• Where the cookie will be accessible. "/" makes it accessible across the entire WPShout site.

After We’ve Set the Cookie…

Because both $_COOKIE and $_POST live as HTTP headers, we need to refresh the page for our changes to $_COOKIE to show up. That’s what header("Refresh:0"); does. And since we don’t want more PHP processing to happen after we’ve just demanded that the page refresh, we call exit to stop all further PHP from executing.

Demo Summary

There’s a fair amount of code here, but all the cookie-related heavy lifting is done by two functions: setcookie(), and retrieving the cookie value with $_COOKIE[ $name ], where $name points to the cookie’s name as a string.

Enjoy PHP Cookies!

If you’ve understood the demo above, you’re now ready to create persistent data for your users, without needing to put them through the full WordPress user login experience—a very useful thing to be able to do.

If you have any questions about the demo, don’t hesitate to ask, and thanks for reading!

Yay! πŸŽ‰ You made it to the end of the article!
Fred Meyer

9 Comments
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Using PHP Cookies in WordPress, Part II: Cache-Busting with Ajax | WPShout
October 6, 2015 6:13 pm

[…] it stands to reason that last week’s article on writing PHP cookies in WordPress has a big asterisk about caching. In particular, the full-page […]

Ionu? Staicu
September 30, 2015 9:39 am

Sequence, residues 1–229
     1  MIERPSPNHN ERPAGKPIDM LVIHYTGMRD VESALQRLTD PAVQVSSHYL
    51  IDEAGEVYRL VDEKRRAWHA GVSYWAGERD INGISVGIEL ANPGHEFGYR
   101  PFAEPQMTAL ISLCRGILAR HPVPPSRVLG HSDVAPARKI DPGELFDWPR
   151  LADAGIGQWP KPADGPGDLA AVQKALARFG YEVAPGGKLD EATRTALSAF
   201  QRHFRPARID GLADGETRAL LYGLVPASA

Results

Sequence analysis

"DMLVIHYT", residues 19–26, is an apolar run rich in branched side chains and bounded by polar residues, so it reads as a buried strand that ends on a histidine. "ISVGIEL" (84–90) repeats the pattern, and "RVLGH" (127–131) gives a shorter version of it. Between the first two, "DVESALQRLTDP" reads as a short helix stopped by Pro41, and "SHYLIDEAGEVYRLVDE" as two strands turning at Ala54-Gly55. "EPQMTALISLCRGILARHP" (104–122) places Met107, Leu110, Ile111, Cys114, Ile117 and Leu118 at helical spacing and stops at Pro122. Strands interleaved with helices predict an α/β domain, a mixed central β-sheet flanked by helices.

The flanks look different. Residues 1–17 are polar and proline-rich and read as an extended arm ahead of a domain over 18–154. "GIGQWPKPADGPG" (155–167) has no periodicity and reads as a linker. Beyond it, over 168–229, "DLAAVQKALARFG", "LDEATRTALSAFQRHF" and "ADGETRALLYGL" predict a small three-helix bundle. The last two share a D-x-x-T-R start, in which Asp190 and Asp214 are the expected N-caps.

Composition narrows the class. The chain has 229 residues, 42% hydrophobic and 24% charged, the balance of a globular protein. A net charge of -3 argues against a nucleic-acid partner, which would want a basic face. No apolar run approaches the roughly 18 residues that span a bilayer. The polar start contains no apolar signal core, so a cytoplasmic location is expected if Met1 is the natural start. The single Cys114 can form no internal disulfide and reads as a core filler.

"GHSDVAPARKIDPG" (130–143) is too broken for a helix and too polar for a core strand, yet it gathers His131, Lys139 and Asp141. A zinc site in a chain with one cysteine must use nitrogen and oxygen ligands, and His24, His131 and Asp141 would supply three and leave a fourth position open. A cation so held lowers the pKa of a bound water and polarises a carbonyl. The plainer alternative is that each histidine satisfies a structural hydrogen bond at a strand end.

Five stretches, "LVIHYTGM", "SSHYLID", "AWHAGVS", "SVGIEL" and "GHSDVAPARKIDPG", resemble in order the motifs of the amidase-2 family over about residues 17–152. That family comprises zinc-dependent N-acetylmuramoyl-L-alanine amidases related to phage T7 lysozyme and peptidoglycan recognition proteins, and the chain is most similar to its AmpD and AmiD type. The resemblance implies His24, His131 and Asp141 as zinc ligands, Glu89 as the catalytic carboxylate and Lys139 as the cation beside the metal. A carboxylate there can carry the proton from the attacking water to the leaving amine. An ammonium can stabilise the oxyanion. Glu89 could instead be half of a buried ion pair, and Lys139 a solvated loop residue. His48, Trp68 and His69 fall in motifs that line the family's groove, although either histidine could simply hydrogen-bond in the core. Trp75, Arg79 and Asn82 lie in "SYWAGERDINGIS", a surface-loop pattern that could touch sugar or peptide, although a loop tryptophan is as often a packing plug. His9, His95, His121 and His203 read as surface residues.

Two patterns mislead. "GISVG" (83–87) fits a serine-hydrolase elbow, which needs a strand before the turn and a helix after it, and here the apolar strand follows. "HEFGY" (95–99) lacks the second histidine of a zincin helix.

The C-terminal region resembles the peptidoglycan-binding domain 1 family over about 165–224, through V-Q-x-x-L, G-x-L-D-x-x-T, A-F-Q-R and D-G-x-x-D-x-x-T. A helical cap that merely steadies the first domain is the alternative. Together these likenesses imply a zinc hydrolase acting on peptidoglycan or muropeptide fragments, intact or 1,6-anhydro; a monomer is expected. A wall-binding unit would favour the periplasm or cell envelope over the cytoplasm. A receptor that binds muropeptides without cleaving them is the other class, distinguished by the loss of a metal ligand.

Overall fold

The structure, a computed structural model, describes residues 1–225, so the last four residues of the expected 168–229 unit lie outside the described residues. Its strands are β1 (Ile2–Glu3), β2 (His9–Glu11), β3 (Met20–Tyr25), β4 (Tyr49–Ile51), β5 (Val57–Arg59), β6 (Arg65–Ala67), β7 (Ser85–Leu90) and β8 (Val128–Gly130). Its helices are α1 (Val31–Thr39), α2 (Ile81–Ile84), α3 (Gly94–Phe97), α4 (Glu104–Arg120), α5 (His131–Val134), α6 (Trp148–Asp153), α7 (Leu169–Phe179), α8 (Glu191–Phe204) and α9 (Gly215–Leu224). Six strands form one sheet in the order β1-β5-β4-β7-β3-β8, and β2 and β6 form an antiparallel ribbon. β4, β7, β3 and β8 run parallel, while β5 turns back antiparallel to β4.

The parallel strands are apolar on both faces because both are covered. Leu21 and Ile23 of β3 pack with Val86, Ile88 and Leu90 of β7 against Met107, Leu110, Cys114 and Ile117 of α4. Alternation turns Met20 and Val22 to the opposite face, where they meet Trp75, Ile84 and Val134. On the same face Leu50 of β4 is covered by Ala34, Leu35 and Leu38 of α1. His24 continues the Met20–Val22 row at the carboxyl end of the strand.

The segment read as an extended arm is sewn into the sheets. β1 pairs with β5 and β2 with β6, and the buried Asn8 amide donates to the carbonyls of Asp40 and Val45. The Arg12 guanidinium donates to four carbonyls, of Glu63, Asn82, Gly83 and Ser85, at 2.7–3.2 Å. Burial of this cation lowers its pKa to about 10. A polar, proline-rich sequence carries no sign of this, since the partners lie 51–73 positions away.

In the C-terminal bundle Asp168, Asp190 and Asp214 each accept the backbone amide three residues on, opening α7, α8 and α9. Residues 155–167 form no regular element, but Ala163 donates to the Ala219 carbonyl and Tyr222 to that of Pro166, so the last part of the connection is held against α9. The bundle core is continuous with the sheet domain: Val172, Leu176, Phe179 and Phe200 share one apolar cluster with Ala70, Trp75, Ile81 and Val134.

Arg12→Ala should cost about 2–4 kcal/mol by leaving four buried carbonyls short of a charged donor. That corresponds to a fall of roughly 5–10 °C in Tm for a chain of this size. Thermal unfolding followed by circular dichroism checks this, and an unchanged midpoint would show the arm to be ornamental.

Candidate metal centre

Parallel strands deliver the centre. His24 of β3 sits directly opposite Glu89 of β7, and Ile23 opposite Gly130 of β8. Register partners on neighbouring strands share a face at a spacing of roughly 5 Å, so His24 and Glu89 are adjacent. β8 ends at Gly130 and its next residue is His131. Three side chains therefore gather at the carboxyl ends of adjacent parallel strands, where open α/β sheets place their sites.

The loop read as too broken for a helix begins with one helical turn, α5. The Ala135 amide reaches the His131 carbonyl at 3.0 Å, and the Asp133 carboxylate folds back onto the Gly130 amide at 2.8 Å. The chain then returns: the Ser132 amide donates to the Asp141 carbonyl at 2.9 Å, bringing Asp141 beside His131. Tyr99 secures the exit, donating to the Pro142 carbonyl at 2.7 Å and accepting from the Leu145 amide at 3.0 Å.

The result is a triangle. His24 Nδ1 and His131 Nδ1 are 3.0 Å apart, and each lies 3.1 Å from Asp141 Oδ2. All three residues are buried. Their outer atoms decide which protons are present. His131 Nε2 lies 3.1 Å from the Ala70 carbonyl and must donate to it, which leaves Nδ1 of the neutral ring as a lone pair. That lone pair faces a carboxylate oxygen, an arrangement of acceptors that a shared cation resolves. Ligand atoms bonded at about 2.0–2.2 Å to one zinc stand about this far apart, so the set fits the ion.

Just a quick note: The correct way of setting cookies in WP is this:


setcookie( 'true_cookie', 1, time()+3600*24*100, COOKIEPATH, COOKIE_DOMAIN );

Last two constants ensures that things will work in any possible configuration. Your sample will only work if the WP is installed in the root directly.

Sasha Endoh
September 29, 2015 4:56 pm

Hi Fred! Thanks for sharing this nifty technique. This might be a dumb question (it’s probably a dumb question) but if I put in something other than “Cookies” in the demo and submit, shouldn’t the demo field display whatever I submitted the next time I load this page?

fredclaymeyer
September 29, 2015 7:17 pm
Reply to  Sasha Endoh

Hi Sasha, Not a dumb question at all! πŸ™‚ The cookie changes what shows up in the “Your most recent favorite food was ___” line below the form.

I’d meant to make that line bold to be attention-getting, but missed that when I published—it should be a bit more prominent now.

Does that make sense?

Sasha Endoh
September 30, 2015 10:18 am
Reply to  fredclaymeyer

Makes total sense! However, no matter how many times I submit a new answer I’m still being told that I haven’t told you what my favorite food is. Just a glitch on my side (Chrome 45.0.2454.101 m / Windows 10)?

fredclaymeyer
October 1, 2015 8:03 am
Reply to  Sasha Endoh

Hi Sasha,

You’re right! The issue is how the cookie interacts with our site’s caching – which turns out to be quite an issue with cookies in general. (I wasn’t noticing it because I was logged-in, and so not seeing the cached version of the site.)

I’ll write a fix for this up for next week. Thank you!

Fred

Sasha Endoh
October 1, 2015 11:51 am
Reply to  fredclaymeyer

Hi Fred,

Phew! And here I thought I might be insane πŸ™‚ Looking forward to reading about the update next week and finding ways to incorporate this nifty feature in my client work.

All the best,

Sasha

fredclaymeyer
October 1, 2015 3:25 pm
Reply to  Sasha Endoh

Sounds good. πŸ™‚ In the meantime, I’ve adjusted the caching, so this post should work as advertised if you try it now. (Let me know?)

Thanks!
Fred

Sasha Endoh
October 1, 2015 4:27 pm
Reply to  fredclaymeyer

It does indeed!! Very cool πŸ™‚